A 2016 report from Kaspersky Lab, Industrial Control Systems and Their Online Availability, illustrates this trend, as well as the vulnerability risk Internet exposure presents to ICS assets. The research showed 220,558 ICS components could be accessed from the Internet. Even more concerning, this same study found that 92% of these ICS assets had vulnerabilities.

As the report demonstrates, far too often hidden ICS asset connections to the Internet serve as an open door into the heart of industrial controls. Threat actors are skilled at finding and exploiting these gaps in perimeter security in their quest to control or damage systems in the power industry maliciously. Even though network segmentation introduced by NERC CIP has offered modest protections and limited broad-based exposure, cybersecurity professionals should not assume perimeter security solutions alone can protect their ICS assets.

More Disclosures Than Capacity to Investigate

Vulnerabilities are tracked in the NVD using CVE identifiers. Since their launch in 1999, the number of CVEs has grown steadily. More than 51,268 CVEs were published between January 2010 and September 30, 2017. 11,100 CVEs have been published within the first nine months of 2017 alone – a new record.

Traditionally, automation vendors were reluctant to publish discovered vulnerabilities. Some feared that if they were overly transparent regarding vulnerabilities, other vendors would use this information against them. Many preferred to fix vulnerabilities quietly as they worked on an updated version of the product, then asked their customers to upgrade if a vulnerability was publicly disclosed.

After Stuxnet made headlines in 2010, however, it became clear that Level 1 and 0 ICS vulnerabilities could impact industrial facilities. The number of publicly disclosed vulnerabilities began to increase greatly with ICS-CERT advisories for Level 1 and 0 ICS assets increasing sevenfold since 2010 (ICS-CERT Year in Review: Industrial Control Systems Cyber Emergency Response Team 2016).

Many of these vulnerabilities have likely been lurking for years, only coming to light now due to an increased awareness of ICS cybersecurity risk.

Limited Visibility into ICS Vulnerabilities and Risks

Given the sophistication and effectiveness of recent industrial compromises, identifying and remediating known vulnerabilities is one of the best ways to reduce power infrastructure risks. However, despite the existence of known vulnerabilities within systems that exist on PCNs, industrial process and power companies today still struggle to identify ICS vulnerabilities and risks in a timely manner.

When it comes to securing OT assets, most approaches have been IT-centric. This has led to limited success with focus on securing Level 2 endpoints, such as workstations. This approach has also worked for securing routers and switches on the PCN, as these types of devices can avail themselves of the same types of security controls implemented on corporate IT networks.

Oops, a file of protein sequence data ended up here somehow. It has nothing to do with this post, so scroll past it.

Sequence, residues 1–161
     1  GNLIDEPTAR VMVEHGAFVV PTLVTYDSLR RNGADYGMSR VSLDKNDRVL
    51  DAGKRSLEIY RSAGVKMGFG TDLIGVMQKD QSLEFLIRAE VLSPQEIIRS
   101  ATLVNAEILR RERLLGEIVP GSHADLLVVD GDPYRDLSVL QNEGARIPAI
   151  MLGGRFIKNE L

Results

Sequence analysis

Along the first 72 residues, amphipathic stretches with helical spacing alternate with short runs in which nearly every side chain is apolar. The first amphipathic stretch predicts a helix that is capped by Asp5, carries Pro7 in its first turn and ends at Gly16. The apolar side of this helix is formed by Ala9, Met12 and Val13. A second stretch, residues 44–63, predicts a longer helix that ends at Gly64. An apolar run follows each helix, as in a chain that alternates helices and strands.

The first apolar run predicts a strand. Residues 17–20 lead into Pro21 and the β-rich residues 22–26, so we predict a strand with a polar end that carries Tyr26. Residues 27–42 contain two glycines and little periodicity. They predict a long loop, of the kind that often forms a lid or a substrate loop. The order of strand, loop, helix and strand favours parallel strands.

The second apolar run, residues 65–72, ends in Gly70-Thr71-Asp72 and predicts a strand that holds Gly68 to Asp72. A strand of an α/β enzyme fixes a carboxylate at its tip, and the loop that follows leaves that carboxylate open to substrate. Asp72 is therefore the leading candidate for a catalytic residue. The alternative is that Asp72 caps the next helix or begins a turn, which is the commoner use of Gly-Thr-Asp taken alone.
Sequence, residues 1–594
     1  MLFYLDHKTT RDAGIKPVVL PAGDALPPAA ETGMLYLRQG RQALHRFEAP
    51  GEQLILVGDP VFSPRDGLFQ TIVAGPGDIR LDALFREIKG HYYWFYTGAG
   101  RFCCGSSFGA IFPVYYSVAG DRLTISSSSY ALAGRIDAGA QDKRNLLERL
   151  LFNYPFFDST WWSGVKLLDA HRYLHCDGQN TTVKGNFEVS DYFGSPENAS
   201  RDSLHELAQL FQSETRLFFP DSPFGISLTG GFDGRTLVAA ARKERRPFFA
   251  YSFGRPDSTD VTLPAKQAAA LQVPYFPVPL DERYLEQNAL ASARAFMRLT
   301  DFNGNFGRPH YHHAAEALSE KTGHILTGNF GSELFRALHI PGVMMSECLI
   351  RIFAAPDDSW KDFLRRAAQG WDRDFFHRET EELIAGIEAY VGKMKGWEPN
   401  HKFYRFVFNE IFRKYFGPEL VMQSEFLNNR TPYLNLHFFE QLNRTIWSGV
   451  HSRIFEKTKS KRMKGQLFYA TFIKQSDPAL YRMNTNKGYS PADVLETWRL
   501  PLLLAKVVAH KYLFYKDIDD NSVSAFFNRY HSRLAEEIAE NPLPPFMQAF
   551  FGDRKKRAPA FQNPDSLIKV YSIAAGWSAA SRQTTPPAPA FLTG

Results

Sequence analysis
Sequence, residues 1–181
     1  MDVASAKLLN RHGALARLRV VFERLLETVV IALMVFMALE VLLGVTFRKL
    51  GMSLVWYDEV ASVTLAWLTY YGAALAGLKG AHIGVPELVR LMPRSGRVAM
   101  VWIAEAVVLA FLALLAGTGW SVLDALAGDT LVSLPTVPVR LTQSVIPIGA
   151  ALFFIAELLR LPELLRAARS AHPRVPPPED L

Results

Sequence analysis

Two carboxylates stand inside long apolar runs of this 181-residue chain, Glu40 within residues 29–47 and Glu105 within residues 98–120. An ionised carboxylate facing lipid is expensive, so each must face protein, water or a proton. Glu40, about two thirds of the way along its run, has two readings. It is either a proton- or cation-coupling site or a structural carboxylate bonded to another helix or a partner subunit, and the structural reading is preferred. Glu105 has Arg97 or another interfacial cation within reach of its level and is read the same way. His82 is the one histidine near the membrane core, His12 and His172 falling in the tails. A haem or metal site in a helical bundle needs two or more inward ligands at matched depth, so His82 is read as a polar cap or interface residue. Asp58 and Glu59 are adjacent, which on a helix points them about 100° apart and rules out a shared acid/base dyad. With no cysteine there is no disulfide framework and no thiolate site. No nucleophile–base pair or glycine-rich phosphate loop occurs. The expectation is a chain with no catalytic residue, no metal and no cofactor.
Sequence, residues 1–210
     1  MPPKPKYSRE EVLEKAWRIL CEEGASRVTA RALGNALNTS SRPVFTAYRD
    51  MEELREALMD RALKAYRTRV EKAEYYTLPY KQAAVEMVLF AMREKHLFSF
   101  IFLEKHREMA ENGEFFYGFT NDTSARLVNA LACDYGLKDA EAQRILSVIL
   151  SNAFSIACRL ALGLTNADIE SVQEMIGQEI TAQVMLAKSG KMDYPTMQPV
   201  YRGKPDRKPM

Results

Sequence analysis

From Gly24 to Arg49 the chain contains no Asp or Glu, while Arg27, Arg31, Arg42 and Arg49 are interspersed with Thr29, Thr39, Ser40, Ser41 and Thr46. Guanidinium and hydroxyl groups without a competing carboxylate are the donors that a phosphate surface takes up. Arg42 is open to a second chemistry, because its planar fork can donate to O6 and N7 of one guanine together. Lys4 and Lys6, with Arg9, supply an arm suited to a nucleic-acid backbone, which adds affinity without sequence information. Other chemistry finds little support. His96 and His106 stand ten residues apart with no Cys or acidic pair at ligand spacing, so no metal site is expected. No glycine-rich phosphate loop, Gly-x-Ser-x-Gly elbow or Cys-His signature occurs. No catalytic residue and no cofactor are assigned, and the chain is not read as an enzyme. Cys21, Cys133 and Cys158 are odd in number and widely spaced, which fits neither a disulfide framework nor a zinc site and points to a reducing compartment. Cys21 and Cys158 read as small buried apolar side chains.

However, these Level 2 endpoints make up only 20 percent of industrial endpoints.

The remaining 80 percent of industrial endpoints are Level 1 and 0 production-centric endpoints including Distributed Control Systems (DCSs), Programmable Logic Controllers (PLCs), and turbine controls. They also include smart field instrumentation and the sensors that directly connect to process equipment.

Level 1 and 0 assets are invisible to most cybersecurity professionals, as most of the tools used for vulnerability assessment today were not built to support the proprietary architectures and protocols used by ICS endpoints in multi-vendor process control environments. Because Level 1 and 0 assets are invisible or opaque, and because vulnerabilities on Level 2 endpoints are more readily understood and accessible, organizations focus on Level 2 vulnerability management.

However, 80% of endpoints in industrial environments are Level 1 and 0 endpoints. These are the endpoints that matter most in industrial environments.

At the end of the day, most organizations do not have a clear view into all the different endpoints running in their facilities. When automation system vendors publish vulnerability bulletins, managers do not easily know which systems and versions they have. And even when they do know that they have a system with a known vulnerability running in the plant, theytypically cannot quickly tell if the vulnerability still exists, or if it has been remediated. This means they do not know with any degree of confidence whether the endpoint is secure, or if it is vulnerable to exploitation.

OT cybersecurity professionals in the power industry must do a better job of gathering and maintaining an evergreen inventory of all the assets in the plant and assessing these assets against known vulnerabilities. You simply cannot secure what you cannot see.

Vulnerability Investigation Is Manual and Research-Intensive

Compiling the vulnerability management data needed to remediate vulnerabilities effectively in industrial facilities today is a manual and extremely research-intensive process.

OT cybersecurity professionals must monitor many different vulnerability sources, including (but not limited to) the NVD data feed, ICS-CERT alerts and advisories, Microsoft security advisories, and automation vendor security bulletins – all of which contain information about vulnerabilities that can pose risk to industrial facilities.